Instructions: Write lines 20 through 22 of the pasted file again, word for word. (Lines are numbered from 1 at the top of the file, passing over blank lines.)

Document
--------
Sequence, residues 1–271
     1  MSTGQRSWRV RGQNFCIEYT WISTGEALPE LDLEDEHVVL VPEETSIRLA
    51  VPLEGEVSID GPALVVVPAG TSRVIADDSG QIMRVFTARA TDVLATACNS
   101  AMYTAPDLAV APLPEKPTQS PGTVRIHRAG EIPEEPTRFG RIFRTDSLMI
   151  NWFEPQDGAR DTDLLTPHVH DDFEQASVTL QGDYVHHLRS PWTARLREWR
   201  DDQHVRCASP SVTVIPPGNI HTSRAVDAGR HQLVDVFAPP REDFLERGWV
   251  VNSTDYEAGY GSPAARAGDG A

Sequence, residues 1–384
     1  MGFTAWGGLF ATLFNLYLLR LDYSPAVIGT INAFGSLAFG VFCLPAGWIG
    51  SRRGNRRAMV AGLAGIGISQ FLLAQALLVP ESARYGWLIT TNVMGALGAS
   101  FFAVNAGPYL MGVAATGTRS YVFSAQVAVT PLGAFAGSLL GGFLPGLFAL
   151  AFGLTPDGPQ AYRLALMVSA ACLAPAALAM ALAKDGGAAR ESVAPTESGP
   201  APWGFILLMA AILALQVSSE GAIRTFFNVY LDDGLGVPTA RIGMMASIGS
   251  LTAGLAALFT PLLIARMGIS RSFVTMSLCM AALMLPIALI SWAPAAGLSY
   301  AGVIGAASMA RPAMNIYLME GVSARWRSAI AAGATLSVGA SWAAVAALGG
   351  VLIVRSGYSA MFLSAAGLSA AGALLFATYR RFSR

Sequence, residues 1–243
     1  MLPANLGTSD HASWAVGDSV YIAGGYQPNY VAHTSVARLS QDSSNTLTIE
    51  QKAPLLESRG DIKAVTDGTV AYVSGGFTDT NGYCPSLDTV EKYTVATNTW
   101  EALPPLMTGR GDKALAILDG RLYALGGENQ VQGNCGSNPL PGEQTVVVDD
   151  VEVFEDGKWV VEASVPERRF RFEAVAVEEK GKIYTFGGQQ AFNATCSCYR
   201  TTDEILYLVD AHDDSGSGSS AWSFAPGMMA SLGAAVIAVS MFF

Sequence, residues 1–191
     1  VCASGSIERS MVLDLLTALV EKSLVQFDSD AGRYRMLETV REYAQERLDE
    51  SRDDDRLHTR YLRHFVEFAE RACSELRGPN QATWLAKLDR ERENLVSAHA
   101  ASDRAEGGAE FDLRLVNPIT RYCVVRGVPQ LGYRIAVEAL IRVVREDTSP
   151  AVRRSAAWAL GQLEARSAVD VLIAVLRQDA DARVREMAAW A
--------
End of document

   101  EALPPLMTGR GDKALAILDG RLYALGGENQ VQGNCGSNPL PGEQTVVVDD
   151  VEVFEDGKWV VEASVPERRF RFEAVAVEEK GKIYTFGGQQ AFNATCSCYR
   201  TTDEILYLVD AHDDSGSGSS AWSFAPGMMA SLGAAVIAVS MFF